Page 246 - The-History-of-the-Lancashire-Fusiliers-1914-1918-Volume-I

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front of the division on the left. As the latter had not been able to
make as much progress as the 55th Division and as the left of the
German attack was directed on Wurst Farm, there was a grave
risk of the survivors of the 2nd/5th being cut off. A withdrawal was
therefore ordered to Winnipeg Farm, about seven hundred yards in
rear, where an attempt was made to form a defensive flank. When
this proved to be impossible, a position was occupied on Jew Hill,
to the east of St. Julien, by about 2.15 p.m. In the meanwhile,
German artillery fire had become more intense; and, under cover of
this and of machine-gun fire , counter-attacks were delivered by
several battalions from both flanks , preceded by four aircraft which
flew low over the advance positions, firing lights and machine guns.
Immediate steps were taken to prepare the "Black Line" for defence
while a further withdrawal to it took place, covered by small parties
using every round of ammunition they could find and even taking it
from derelict tanks and casualties. A small strong-point near Schuler
Farm (about 1,000 yards east of St. Julien) was held by one hundred
and thirty men of the 2nd/5th and of the 1st/8th Liverpool Regiment
(Liverpool Irish ) under Bodington. They beat off repeated
attempts to envelop them but finally, after the loss of eighty men,
the survivors were compelled to withdraw and fight their way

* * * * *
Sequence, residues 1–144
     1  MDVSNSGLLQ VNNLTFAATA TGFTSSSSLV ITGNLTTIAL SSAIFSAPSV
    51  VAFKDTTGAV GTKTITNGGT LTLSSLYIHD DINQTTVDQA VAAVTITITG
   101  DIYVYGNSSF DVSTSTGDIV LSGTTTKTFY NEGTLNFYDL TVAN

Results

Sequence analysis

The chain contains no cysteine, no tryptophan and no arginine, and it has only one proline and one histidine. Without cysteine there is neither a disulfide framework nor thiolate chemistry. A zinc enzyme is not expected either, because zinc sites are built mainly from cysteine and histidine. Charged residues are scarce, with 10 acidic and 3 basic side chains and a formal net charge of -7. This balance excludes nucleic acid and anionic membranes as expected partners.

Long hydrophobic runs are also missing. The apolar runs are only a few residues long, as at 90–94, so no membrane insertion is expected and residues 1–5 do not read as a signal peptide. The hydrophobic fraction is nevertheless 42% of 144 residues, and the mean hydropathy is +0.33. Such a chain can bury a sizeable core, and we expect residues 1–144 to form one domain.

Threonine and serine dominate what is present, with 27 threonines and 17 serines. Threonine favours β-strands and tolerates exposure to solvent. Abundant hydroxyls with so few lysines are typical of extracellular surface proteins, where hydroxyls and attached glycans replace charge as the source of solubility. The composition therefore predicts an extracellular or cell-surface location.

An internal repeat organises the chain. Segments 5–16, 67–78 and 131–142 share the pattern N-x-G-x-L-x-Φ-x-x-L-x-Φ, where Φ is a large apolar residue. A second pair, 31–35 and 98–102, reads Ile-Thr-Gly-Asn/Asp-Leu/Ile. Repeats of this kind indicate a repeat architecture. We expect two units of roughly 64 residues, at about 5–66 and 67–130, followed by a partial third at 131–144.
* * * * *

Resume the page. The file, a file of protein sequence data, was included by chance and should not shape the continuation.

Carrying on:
back to the " Black Line," which was reached by ten men.
Great gallantry and skill were displayed at this stage by Second–
Lieutenant H. Beesley and Corporal E . Lawson, both of whom,
though wounded, continued to hold their positions and use their
Lewis guns till the last possible moment. The rearguard action of
this body enabled the right of the brigade to withdraw safely.
Battalion headquarters were at this time at Spree Farm, in the
"Black Line," and received very short warning of the approach of
the enemy, who followed close on the heels of the rearguard and tried
to penetrate the "Black Line." Lieutenant-Colonel Best-Dunkley
collected all available men and personally led them to the attack,
which succeeded in driving back the Germans. The artillery came
to the rescue about 4.30 p.m. with a heavy barrage which effectually
prevented the enemy from obtaining a footing in the "Black Line."
But at about this time the adjutant, Lieutenant
Andrews, was
killed, and shortly after the Commanding Officer was wounded. At
that time also rain came down in torrents and continued; shell holes
filled with water ; mud became slime; the conditions were com–
pletely discouraging. As there was then no officer known to be alive
or unwounded, the Orderly Room Serjeant, Serjeant F. Haworth,
took command of the survivors and organized a defensive position,
helping with their fire to deal with attempted German attacks. He
brought the remnants of the battalion out of the line at about
9 a.m. the following day, 1st August.
Of the 19 combatant officers who went into action, 3 had been
killed, 2 so severely wounded that they later died of their wounds,
wounded and 2 missing, a total of 18 casualties. Out of 593 other
ranks, 473 were casualties.